You cannot make a politician like Austin Thomas. Today, politicians around the world contour their policies and positions based on the latest polls results; they are careful to use politically correct language so as not to offend; and they don’t always say what they mean. With Mr Austin Thomas you got raw authenticity.
His death last week, after a long illness, means Bermuda has lost yet another champion of the cause of justice and social reform. For 21 years (1968-1989) Mr Thomas served as a parliamentarian for the constituents of Pembroke East, mostly as a member of the Progressive Labour Party and the last four as a member of the National Liberal Party.
There was no mistaking the dedication Thomas had to improving the social and economic condition of working class people. When he spoke, you knew he cared deeply to transform Bermuda from the oppressive and debilitating conditions set upon us by the old oligarchy to a modern and robust democracy. You could hear it in his voice, in a deep and mesmerizing delivery. You could see it in his eyes, a penetrating intensity beckoning you to understand and walk beside him down the road called justice.
Mr Thomas sat in Parliament with a colourful cast of characters: men and women who had strong personalities and in their own way showed their compassion for improving Bermuda. He commanded the respect of all parliamentarians with his great oratory and few doubted the sincerity of his mission. This was a time when people would sit in the public gallery and be both informed and entertained by politicians as they conducted the people’s business.
He would break with the PLP in the mid-1980s and, along with other disaffected members, would form the National Liberal Party. This split was essentially over ideology, with the Members for Change (as they were called) wanting to move the party to the political centre to enhance its electability. He backed Gilbert Darrell for leader in what became a bitter internal battle. For some observers the battle was also about getting rid of a female leader. It is a testimony to the respect and support given to him by the voters in Pembroke East that in this safe seat for the PLP, Mr Thomas was able to win re-election in 1985 under the NLP banner.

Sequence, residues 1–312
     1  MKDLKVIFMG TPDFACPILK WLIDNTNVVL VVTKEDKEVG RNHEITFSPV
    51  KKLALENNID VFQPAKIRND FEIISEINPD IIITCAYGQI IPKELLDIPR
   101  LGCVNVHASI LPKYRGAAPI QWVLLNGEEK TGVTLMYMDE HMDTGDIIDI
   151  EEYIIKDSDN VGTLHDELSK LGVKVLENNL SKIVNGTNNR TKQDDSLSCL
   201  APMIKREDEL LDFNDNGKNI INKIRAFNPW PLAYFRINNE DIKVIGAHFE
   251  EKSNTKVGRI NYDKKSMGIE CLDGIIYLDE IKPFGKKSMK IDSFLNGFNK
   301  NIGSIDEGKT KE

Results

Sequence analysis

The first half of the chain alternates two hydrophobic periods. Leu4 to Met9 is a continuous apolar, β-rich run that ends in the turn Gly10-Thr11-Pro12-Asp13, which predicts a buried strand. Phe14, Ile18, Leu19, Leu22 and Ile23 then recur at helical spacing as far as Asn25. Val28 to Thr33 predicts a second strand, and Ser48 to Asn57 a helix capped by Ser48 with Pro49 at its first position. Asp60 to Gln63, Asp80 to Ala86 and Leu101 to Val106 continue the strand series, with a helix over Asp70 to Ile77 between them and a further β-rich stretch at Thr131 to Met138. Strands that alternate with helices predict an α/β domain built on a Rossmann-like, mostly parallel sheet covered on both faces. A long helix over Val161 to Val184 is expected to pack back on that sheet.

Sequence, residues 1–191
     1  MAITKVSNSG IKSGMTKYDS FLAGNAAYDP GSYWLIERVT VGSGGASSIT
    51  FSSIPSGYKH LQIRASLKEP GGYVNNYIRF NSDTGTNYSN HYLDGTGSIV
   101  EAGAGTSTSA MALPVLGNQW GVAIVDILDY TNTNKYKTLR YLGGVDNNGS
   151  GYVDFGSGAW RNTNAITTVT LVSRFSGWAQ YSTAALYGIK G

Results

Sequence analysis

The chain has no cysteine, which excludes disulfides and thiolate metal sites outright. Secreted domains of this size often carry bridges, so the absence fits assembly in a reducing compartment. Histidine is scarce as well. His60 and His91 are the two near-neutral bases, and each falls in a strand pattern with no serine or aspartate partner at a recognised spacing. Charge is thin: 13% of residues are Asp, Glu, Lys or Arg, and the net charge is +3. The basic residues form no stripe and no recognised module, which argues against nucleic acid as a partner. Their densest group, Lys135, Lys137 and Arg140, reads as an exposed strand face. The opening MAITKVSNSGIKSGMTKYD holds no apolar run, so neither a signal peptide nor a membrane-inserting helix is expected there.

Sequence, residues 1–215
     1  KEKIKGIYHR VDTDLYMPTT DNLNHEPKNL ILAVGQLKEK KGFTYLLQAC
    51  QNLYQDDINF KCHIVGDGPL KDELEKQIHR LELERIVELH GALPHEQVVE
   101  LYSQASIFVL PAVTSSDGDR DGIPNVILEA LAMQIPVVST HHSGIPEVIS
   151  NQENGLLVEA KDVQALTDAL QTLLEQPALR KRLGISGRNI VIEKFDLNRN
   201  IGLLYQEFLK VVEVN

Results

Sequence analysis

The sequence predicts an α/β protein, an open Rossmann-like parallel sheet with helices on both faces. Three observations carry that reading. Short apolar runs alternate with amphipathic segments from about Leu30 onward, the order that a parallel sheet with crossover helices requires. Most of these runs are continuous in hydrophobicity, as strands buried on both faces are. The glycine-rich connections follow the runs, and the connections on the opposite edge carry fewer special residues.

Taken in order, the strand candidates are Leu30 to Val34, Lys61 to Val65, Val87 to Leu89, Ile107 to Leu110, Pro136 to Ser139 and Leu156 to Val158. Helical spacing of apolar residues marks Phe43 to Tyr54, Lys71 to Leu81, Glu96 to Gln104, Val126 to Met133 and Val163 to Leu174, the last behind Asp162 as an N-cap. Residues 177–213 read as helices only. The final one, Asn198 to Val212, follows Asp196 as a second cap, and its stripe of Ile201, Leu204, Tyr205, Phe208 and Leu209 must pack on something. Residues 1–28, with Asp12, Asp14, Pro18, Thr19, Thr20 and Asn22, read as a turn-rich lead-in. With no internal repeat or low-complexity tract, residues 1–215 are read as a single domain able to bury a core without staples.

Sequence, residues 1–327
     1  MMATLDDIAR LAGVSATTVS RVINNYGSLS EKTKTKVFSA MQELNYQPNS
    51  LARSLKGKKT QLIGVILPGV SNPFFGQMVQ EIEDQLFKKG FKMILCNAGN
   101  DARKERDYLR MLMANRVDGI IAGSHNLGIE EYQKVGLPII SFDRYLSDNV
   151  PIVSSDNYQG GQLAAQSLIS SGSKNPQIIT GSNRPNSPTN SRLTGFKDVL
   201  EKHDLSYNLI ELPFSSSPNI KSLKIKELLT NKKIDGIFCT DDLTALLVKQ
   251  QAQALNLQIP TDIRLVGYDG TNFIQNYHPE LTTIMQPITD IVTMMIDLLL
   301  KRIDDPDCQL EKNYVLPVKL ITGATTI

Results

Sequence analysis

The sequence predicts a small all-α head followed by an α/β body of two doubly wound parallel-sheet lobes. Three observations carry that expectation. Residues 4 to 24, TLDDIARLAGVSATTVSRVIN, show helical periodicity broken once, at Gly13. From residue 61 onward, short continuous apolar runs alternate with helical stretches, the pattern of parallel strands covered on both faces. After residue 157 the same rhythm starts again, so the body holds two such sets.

Thomas, and those who lobbied for change within the PLP and were forced to leave, was eventually vindicated by history: It was under the leadership of Frederick Wade that the PLP did in fact move to the political centre in the 1990s and that contributed significantly to its historic 1998 victory at the polls.
Some politicians are truly products of their era and could not easily fit elsewhere. Such was the case with Mr Thomas. His worldview, for example, was shaped by what one could call more traditional views on gender. I was at one of the first public meetings of the NLP where more than once he remarked, “I wear the pants in my house.” When I challenged him privately on what I saw as sexist language he assured me that while the household must have a hierarchy, we were all equal in the eyes of God.
Too many of us look at politicians today with suspect eyes, believing their personal agenda tops their concern for the nation. Mr Thomas entered the political arena at a time when it came at great personal sacrifice, for reasons we are all too familiar with, and no material rewards. There is no doubt he was dedicated, selflessly, to working to improve Bermuda. It was through his work as a parliamentarian, as a voice of reason and compassion that he helped to raise our collective consciousness and helped bring about the reforms we benefit from today. F or this, we should all be grateful.